Oxford University Press editors culled a number of religious and historical words from the latest edition of its Junior Dictionary in a move aimed at reflecting Britain's modern, multicultural, and multi-faith society. Words that got the boot included bishop, coronation, empire, monarch, nun, and sin, while new additions included blog, broadband, celebrity, MP3 player, and voicemail. Company spokeswoman Vineeta Gupta defended the company's decision, saying the size of the dictionary ("little hands must be able to handle it") limits how many words are included.
While all eyes were on the auto bailout debate last week, Congress passed a bill to provide federal aid to victims of trafficking both in the United States and abroad. The William Wilberforce Trafficking Victims Protection Act has been renewed now three times in Congress since it was first introduced in 2000, and has had the support of anti-trafficking groups like International Justice Mission (IJM) as well as lawmakers from both parties.
The legislation adds a provision for minor aliens to be handled quietly by the Department of Health and Human Services, giving the agency exclusive oversight of the eligibility of illegal minors to receive federal aid. HHS will inform the departments of Justice and Homeland Security when they make decisions about illegal minor victims, essentially distancing law enforcement from them. IJM argues that many victims of trafficking who are aliens are fearful of U.S. law enforcement officials, so this provision helps victims overcome their fear and seek help. Some conservative experts, though supportive of the bill, are concerned that this addition could turn every minor's case into victim advocacy, when law enforcement may have a legitimate role to play in some circumstances.
Fed up with holiday thieves, a number of churches, synagogues, and governments resorted to high-tech methods this year to protect their nativity scenes and Christmas décor: They installed hidden cameras and mounted GPS tracking systems inside the figurines. New York-based BrickHouse Security even offered up to 200 nonprofit religious institutions a free month's use of security cameras and GPS products. "It's sad," said Rabbi Yochonon Goldman, who is taking advantage of the special offer to protect property at the Lubavitch of Center City in Philadelphia, ". . . but it's the reality we're faced with."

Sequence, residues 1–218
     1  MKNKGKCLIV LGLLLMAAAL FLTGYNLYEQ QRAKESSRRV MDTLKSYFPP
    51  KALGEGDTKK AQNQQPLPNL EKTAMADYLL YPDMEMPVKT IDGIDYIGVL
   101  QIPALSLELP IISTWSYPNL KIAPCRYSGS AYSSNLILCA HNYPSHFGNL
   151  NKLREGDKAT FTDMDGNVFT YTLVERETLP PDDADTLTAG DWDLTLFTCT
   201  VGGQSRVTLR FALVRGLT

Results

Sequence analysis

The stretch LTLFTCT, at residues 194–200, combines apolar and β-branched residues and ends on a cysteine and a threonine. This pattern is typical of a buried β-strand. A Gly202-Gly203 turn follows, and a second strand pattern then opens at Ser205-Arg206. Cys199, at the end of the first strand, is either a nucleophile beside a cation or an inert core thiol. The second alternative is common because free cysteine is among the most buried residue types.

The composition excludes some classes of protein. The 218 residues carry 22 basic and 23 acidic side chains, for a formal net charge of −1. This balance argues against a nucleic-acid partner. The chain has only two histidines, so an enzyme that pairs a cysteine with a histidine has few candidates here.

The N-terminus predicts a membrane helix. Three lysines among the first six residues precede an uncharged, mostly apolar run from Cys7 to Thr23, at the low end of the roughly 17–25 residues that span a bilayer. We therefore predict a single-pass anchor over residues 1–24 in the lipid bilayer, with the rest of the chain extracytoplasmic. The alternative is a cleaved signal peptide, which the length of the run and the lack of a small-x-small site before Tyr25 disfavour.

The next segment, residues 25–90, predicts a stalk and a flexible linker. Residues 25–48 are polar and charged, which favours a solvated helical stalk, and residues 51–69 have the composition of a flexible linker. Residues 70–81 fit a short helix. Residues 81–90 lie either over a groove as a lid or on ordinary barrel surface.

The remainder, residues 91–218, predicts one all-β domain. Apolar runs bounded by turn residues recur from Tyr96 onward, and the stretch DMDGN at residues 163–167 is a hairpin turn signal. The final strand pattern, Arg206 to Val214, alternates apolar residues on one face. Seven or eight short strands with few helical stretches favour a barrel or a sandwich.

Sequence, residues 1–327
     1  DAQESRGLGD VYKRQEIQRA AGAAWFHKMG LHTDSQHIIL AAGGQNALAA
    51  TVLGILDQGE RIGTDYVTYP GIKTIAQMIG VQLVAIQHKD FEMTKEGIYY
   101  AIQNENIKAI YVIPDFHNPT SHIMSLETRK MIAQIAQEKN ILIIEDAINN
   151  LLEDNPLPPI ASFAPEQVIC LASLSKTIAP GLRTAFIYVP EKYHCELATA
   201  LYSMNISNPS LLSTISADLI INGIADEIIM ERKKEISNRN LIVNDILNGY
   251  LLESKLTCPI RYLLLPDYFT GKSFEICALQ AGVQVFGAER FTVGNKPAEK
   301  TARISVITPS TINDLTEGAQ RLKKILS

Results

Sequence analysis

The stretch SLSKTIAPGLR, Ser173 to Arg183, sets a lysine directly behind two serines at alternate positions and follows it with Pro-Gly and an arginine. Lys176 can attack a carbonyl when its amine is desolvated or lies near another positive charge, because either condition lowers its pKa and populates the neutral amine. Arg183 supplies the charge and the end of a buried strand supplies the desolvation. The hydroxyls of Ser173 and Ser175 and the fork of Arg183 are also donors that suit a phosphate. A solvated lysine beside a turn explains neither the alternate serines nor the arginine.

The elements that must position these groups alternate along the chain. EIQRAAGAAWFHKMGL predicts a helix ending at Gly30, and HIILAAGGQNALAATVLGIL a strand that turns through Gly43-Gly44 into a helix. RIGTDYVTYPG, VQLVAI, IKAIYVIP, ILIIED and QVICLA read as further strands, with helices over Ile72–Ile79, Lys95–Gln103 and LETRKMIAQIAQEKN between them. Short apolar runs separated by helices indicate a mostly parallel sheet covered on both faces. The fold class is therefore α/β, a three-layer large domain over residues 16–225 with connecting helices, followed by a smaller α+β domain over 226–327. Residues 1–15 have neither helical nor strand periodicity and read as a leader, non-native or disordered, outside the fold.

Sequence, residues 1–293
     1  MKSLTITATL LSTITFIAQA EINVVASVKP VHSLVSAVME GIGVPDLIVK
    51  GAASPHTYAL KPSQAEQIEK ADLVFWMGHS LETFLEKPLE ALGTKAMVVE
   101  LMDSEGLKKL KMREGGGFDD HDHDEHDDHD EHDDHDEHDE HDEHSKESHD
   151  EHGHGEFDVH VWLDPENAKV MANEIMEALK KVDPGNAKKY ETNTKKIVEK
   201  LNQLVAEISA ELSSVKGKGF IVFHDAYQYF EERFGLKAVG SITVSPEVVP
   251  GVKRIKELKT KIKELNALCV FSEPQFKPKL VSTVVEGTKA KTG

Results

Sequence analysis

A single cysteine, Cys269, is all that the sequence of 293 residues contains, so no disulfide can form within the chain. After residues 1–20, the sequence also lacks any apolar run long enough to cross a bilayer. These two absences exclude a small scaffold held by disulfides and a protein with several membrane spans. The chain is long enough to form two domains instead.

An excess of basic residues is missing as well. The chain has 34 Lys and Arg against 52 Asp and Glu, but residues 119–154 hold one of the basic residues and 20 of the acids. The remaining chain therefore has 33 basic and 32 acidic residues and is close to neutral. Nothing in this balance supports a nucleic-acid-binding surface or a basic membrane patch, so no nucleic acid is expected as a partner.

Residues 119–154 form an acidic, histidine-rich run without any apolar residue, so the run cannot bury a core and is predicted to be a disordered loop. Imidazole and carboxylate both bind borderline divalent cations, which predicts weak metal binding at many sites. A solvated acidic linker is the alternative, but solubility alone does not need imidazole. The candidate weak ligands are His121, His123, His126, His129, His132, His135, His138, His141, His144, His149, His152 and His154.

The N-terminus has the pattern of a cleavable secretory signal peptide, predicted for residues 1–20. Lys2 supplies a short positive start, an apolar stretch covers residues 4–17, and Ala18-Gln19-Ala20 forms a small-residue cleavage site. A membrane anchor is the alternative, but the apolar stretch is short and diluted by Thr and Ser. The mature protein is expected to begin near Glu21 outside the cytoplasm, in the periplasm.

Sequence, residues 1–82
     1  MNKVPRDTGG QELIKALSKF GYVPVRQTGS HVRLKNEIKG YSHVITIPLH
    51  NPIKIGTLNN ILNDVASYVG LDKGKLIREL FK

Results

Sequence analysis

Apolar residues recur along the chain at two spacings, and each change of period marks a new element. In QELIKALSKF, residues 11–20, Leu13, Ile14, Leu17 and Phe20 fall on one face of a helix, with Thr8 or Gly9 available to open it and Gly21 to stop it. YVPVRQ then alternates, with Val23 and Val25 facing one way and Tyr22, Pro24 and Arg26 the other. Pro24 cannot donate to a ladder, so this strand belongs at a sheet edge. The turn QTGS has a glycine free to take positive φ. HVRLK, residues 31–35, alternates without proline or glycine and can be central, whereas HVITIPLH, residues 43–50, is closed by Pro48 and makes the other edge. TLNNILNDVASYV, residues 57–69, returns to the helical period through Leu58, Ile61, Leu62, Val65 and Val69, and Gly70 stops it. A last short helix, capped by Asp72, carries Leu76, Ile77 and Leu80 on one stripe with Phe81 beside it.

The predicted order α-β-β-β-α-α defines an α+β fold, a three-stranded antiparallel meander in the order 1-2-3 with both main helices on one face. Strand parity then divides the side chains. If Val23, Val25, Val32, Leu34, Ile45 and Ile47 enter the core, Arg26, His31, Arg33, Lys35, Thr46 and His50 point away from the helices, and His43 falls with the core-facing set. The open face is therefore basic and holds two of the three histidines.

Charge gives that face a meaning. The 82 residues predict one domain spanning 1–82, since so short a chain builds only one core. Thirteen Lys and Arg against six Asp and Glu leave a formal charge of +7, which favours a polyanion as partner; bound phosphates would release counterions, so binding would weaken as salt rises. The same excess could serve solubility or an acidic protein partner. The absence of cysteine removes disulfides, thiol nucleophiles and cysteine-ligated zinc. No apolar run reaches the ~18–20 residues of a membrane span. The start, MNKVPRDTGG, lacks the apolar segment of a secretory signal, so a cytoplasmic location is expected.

In the last 61 years consumer prices never dropped as much as they did in November. The Labor Department reported last week that prices fell 1.7 percent for the month, and that was on top of a 1 percent drop in October. Falling energy prices led the decline, as a gallon of gasoline that ran over $4 in the summer was priced under $2 by November.
Fearing a deflationary spiral, in which ever lower prices prompt companies to cut production and slash jobs, the Federal Reserve on Dec. 16 cut the federal funds rate to a range of zero percent to 0.25 percent, an all-time low. The hope is that the lower rate will spur economic activity, and the Fed panel made its expectations for future action clear in a statement: "The committee anticipates that weak economic conditions are likely to warrant exceptionally low levels of the federal funds rate for some time."